Author Information : Trenton A. Williams (Whitman School of Management, Syracuse University)
Dean A Shepherd (Kelley School of Business, Indiana University)
Year of Publication : Journal of Business Venturing (2016)
Summary of Findings : Disasters are potentially traumatic events; locals that draw upon their human capital (experience and knowledge) to create ventures to help others are more likely to be resilient to the disaster, whereas those who fail to deploy their resources in this way are more likely to experience dysfunction.
Research Questions : How does venture creation to alleviate the suffering of others impact those entrepreneurs (and non-entrepreneurs) who are also victims (e.g., are also suffering)?
What we know : Venture creation creates different forms of value: economic, social and environmental. However, a small number of recent studies explore how entrepreneurship can function as a vehicle to help founders overcome adversity. We build on this existing research and find that engaging in entrepreneurship activity can help victims of a disaster avoid disruption to functioning.
Novel Findings : Scholars have sought to explain the psychological consequences of venture creation for the entrepreneur him- or herself as this helps explain the broader implications and motivations of engaging in venture creation. Generally, the focus of this research is psychological motivations for an entrepreneurial career, including the personal satisfaction derived from self-employment and autonomy in life and career decisions. In our study we expand these conceptualizations of psychological outcomes of venturing, suggesting that venturing functions as a vehicle for providing resilience to adversity. This is important in that it demonstrates additional forms of value created in the process of venturing. Similarly, it suggests that despite the risks inherent in creating a new business, engagement in venturing activities could provide substantial benefit to the actor when faced with difficult environmental conditions.
Novel Methodology : In this paper, we take a novel approach to conduct a quantitative analysis of qualitative data. Specifically, we draw upon data produced in a government inquiry into the Black Saturday Bushfire disaster. Part of that inquiry involved gathering witness testimony from victims of the disaster. We analyzed these transcripts and used structural equation modeling (SEM) to test our hypotheses.
Implications for Practice : Many traditional approaches to disaster events involve treating victims as helpless and resourceless. Unfortunately, this attitude has resulted in over-generalized psychological interventions that in many cases lead to greater trauma outcomes for victims. When disasters strike, victims are likely to benefit by being an active and central voice in identifying solutions to ongoing challenges. Businesses, governments and other activist groups should consider these findings when developing disaster response strategies, programs and policies.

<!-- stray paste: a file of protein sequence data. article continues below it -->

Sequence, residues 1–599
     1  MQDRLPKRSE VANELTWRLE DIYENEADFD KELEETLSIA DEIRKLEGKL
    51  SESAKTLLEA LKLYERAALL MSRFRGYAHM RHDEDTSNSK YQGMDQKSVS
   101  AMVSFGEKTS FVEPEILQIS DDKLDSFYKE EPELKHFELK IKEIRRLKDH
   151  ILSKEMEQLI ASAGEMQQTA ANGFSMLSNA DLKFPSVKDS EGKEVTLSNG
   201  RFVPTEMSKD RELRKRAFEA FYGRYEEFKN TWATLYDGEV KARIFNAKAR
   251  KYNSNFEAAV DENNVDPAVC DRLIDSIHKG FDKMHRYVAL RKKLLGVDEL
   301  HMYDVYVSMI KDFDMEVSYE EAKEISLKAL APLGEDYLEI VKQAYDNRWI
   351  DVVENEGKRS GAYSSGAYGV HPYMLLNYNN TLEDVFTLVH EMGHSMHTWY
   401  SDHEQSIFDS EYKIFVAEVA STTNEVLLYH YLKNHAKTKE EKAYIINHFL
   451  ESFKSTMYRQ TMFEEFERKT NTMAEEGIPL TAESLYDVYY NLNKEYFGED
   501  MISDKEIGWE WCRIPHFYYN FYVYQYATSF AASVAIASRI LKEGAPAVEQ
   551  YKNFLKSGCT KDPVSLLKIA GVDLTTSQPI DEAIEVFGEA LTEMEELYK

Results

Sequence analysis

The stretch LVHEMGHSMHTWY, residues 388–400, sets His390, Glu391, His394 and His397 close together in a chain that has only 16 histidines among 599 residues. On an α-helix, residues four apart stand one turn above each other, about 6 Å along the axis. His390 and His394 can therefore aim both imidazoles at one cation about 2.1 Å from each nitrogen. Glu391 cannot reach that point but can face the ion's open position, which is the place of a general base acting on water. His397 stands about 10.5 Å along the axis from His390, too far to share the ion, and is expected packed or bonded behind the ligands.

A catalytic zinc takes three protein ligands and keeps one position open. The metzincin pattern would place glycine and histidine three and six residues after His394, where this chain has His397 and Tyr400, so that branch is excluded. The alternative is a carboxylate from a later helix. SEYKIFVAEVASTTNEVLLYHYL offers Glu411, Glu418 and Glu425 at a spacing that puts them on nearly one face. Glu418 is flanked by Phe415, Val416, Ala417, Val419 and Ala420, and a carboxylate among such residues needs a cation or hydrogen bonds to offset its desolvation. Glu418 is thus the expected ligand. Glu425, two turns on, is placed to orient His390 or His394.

Implications for Society: According to a vast body of research on stress, every individual will be exposed at some point in their life to a potentially traumatic event. While some individuals require psychological interventions, the majority of people are generally resilient and require other forms of support. Our study builds on these findings and suggests that as a society we need to reevaluate how we view "victims" of potentially traumatic events. Specifically, victims are not always "helpless" but rather can benefit by being encouraged to engage in prosocial actions that allow for individuals to help themselves by helping others.
Implications on Research: This study expands our understanding of the value that is created by entrepreneurial ventures. Future research can continue to build on this by exploring how these principles might apply in more traditional entrepreneurial environments. Does the act of venturing again help individuals overcome entrepreneurial failure? Are there different risks associated with different types of venturing (e.g., venturing to help others vs. venturing as a livelihood) depending on the nature of a crisis (e.g., job loss vs. exposure to a disaster)?
Full Citations : Trenton Williams, "Victim entrepreneurs doing well by doing good: Venture creation and well-being in the aftermath of a resource shock" (with Shepherd, D.A.), Journal of Business Venturing, 2016.
Abstract : Venture creation generates value in a variety of forms both for the entrepreneur him or her-self and the venture's stakeholders. Recent research explores entrepreneurial action as a vehicle for personal transformation and development for the individual, especially as it pertains to overcoming adversity. We build on this emerging literature by exploring victims creating new ventures in the aftermath of a disaster event, where widespread adversity threatens entire communities. Following the disaster, some victim resources are destroyed (e.g., property) while others remain (e.g., human capital) at varying levels. We build on organizational emergence and conservation of resources theories and use structural equation modeling to test a victim entrepreneur model of functioning through the creation of ventures to alleviate others' suffering. We find that venture creation mediates the positive relationship between human capital and functioning and that for those who do not create ventures, human capital is negatively related to functioning—highlighting the important role of venture creation for the victim-actor following a disaster event. Implications of these findings for literature on venture creation and responses to adversity are discussed.
In the aftermath of a disaster, individuals can successfully overcome adversity and maintain resiliency during great stress by focusing on new venture creation.
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